Beach Bodies

Frazier Basin, Geology, Bridger Mountains

Beach Bodies

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Patti Albrecht

The fossils of Frazier Basin. 

Living in Montana gives us easy access to beef, wild game, and freshwater fish. However, few people realize that millions of years ago, lobster and other marine life lived in the warm, shallow seas that covered most of Montana. “Bahama Montana” is a term coined by MSU geologist David Lageson. This was a time with a much lusher climate and where parts of Montana would have had some beachfront property on the edge of the vast inland sea.

Today, however, we live with the Bridger Mountains dominating our skyline and our lifestyle. An impressive option for enjoying the beauty of the Bridgers and having the potential of finding fossils is found by visiting Frazier Basin, a glacial cirque located just north of Sacagawea Peak.

The ridgeline surrounding Frazier Lake is intriguing. Layers of rock run vertically with sections that showcase waviness in the symmetrical lines. It’s an impressive display of how the horizontal sedimentary beds were pushed together, folded, and arched upward during the mountains’ formation. It’s an unusual order of rock layering.

Frazier Basin, Bridger Mountains, Geology

The oldest layer of rocks is now exposed at the top of the Bridger ridge. Within these rocks can be found fossilized stromatolites, one of the most ancient life forms. This blue-green algae dates back 3.5 billion years.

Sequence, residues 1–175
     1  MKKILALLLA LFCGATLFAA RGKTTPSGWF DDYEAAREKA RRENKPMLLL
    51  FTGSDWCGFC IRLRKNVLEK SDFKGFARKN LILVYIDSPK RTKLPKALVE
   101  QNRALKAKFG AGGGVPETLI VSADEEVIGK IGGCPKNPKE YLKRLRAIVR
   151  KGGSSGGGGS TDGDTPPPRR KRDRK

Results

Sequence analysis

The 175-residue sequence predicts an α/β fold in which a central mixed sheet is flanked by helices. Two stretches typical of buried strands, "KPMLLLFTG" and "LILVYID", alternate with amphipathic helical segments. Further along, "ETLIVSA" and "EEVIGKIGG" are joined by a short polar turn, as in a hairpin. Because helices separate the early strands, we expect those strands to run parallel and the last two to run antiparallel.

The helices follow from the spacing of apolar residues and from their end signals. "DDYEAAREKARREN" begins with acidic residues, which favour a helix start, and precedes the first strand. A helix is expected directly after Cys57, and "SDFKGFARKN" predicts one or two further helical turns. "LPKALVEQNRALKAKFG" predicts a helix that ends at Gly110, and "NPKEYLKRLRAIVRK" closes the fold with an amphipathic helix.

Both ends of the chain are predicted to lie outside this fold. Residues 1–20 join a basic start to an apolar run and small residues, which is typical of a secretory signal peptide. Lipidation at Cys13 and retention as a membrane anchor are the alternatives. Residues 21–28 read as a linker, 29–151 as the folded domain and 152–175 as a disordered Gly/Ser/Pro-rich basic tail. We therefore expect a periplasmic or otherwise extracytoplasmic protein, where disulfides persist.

Below treeline, many other, “younger” fossils can be found by an observant hiker: horn coral, brain coral, brachiopods, bryozoans, and crinoids. Crinoids, or Lilies of the Sea, appear to be flowers, but were animals with tentacle-like appendages.

With so much history passing underfoot, remember to also look for the abundant wildlife. High on everyone’s list is the sure-footed mountain goat. Seeing the white furballs fearlessly traversing the impassable is mesmerizing. 

When planning your next hike, consider visiting Frazier Basin, where you can enjoy fewer people, impressive views, and a bit of Montana “beach walking.”


Patti Albrecht owns Earth’s Treasures in downtown Bozeman, where a vast array of fossils and other geologic gems can be found.

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